Sustainability is a subject most of us have come across more than once, and perhaps the reason why you clicked this article is that you are mulling over materials for your next building project and you want it to be sustainable.
However, to further engage others who may be peeking into the sustainable industry for the first time; sustainable materials are useful materials that we can source in sufficient quantities without any damaging implications to non-renewable resources and environmental integrity.
Materials that we use to produce industrial-scale results without industrial-scale environmental implications. We save the planet, by opting for sustainable materials on our projects.
Whether you are a private project investor or a large-scaled contractor, the dividends of sustainable materials are apparent for immediate results and long scale impacts. We will be listing out few sustainable materials that you can consider on your next project.
Bamboos can be a more efficient and vastly sustainable substitute to our traditional hardwood flooring. They are naturally quick-growing bushes and do not require a similar amount of time to regrow harvested resources. This makes it a superior alternative to hardwood which is sourced from mature trees that require years to replace. Furthermore, bamboos can add a new refreshing aesthetic feel to your home floor.
- Low thermal emissivity windows:
Every choice we make in our home has a significant effect, but the windows are one of the aspects of a building with a priority level importance. Low thermal emissivity windows, simply known as low E windows are sustainable window glass products that are designed to absorb ultraviolet rays without emitting light back. This means that this type of windows will protect your home from gaining heat in the summertime, and prevent your home from losing heat in the wintertime, saving energy cost and provide efficient insulation.
- Reclaimed Wood:
One of the values of making sustainable choices in construction is that it reduces landfills and mitigates environmental degradation as a result of avoidable construction waste landfills. By using reusing woods that are still in good shape instead of casting them off as waste, we reduce the demand for more wood sourcing actively reducing deforestation, and as mentioned above phasing the necessities of construction landfills.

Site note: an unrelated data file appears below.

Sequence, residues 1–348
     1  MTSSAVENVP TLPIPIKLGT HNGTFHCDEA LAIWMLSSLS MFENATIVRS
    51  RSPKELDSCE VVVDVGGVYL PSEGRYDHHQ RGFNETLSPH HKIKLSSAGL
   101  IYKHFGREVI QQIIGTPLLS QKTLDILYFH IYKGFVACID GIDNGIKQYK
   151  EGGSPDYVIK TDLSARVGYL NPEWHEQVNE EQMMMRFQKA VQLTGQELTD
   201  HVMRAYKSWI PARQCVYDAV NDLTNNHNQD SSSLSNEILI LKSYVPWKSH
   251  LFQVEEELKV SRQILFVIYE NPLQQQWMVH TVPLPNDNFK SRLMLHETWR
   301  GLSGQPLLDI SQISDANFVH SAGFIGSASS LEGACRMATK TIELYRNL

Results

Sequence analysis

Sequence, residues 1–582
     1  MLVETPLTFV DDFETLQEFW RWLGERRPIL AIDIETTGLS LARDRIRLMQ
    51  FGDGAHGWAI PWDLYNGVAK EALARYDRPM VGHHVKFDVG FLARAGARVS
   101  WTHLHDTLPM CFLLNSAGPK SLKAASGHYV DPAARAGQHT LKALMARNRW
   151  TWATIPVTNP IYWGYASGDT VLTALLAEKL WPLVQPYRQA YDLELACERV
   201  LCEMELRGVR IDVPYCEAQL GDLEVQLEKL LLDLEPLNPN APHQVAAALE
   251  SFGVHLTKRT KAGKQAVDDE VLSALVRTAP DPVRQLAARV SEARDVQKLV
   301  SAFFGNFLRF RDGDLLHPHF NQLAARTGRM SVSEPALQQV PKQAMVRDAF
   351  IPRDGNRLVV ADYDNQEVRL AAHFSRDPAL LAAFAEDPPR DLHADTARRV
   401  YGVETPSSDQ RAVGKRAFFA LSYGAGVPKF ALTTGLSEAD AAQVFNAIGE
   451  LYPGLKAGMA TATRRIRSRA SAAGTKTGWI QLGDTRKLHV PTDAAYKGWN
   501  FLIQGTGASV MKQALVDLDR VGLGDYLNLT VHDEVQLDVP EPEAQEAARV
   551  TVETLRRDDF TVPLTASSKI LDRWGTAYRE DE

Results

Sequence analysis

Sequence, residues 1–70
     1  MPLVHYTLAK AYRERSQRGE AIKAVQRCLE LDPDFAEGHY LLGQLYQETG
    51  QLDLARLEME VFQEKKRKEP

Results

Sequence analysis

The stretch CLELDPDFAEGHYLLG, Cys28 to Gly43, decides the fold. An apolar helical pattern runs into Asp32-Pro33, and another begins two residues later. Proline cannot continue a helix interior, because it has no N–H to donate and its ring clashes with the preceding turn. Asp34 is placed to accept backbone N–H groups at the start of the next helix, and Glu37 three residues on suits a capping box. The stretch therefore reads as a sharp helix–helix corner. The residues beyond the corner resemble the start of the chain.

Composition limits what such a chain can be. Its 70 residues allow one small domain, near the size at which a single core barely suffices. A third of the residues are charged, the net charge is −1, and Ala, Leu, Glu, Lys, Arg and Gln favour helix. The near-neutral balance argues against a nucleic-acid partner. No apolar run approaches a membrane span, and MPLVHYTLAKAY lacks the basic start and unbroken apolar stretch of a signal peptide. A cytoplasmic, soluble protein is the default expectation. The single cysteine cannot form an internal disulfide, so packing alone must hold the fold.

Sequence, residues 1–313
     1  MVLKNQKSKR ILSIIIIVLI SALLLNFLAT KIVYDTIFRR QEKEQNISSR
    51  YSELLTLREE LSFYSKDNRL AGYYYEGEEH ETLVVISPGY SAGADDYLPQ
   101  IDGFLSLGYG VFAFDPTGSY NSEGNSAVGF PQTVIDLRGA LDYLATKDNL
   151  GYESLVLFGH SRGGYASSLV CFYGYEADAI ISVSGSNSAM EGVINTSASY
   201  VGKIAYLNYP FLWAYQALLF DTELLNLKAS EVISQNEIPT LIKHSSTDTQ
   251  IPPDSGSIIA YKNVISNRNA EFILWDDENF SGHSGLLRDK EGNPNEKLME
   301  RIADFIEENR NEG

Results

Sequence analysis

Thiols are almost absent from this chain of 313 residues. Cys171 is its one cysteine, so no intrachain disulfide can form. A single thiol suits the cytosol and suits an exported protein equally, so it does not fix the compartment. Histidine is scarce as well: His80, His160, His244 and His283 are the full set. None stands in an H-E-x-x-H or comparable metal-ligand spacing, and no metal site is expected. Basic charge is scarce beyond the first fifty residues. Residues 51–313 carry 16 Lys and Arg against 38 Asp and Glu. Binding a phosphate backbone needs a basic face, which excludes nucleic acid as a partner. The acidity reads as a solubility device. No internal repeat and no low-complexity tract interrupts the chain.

- Recycled Steel:
Steels are necessary for contemporary buildings not just because they are much stronger, but they are a much durable alternative to wood. Environmental disasters such as earthquakes, hurricanes, make steel the primary option for building against natural traumas. By reusing steel sourced from previous projects, we reduce the environmental impacts of mining. Steels are a completely recyclable material which makes them a highly sustainable option.
Another alternative to hardwood, corks are very sustainable materials. They are sourced from trees without causing any significant damage to them, and tree bark can be harvested more than fifteen times in the duration of a tree’s lifetime. In addition to this, the hypoallergenic properties of cork, its fire-retardant nature, and water resistance make them a consumer-friendly material for home flooring.
- Sheep’s Wool Insulation:
Sheep wool provides a highly sustainable alternative to chemical-based insulation materials. In addition to providing similar insulation capability of conventional insulation materials, it requires less energy to produce and is sourced from sustainable sources. Sheep wools are sourced from sheep without causing significant damage to them and they are just as easily grown back.
These are rootlike fibers found on mushrooms. Research has shown that these unexpectedly sturdy materials can be formed into any shape and they can withstand extreme temperatures. This makes mycelium an incredibly sustainable, compostable, and efficient insulation alternative for homes.
This can be a sustainable alternative to concrete but its primary sustainable point is that ferrock can reduce the amount of waste bound for landfills. Ferrock is a product of steel dust or ferrous rock which are leftovers from industrial processes bound for landfills. By adding carbon dioxide, the result is an iron carbonate and this sturdy material can be alternated for concrete slabs. When considering designs for your pathways, driveways, staircases, and others, consider ferrocks as a viable sustainable option.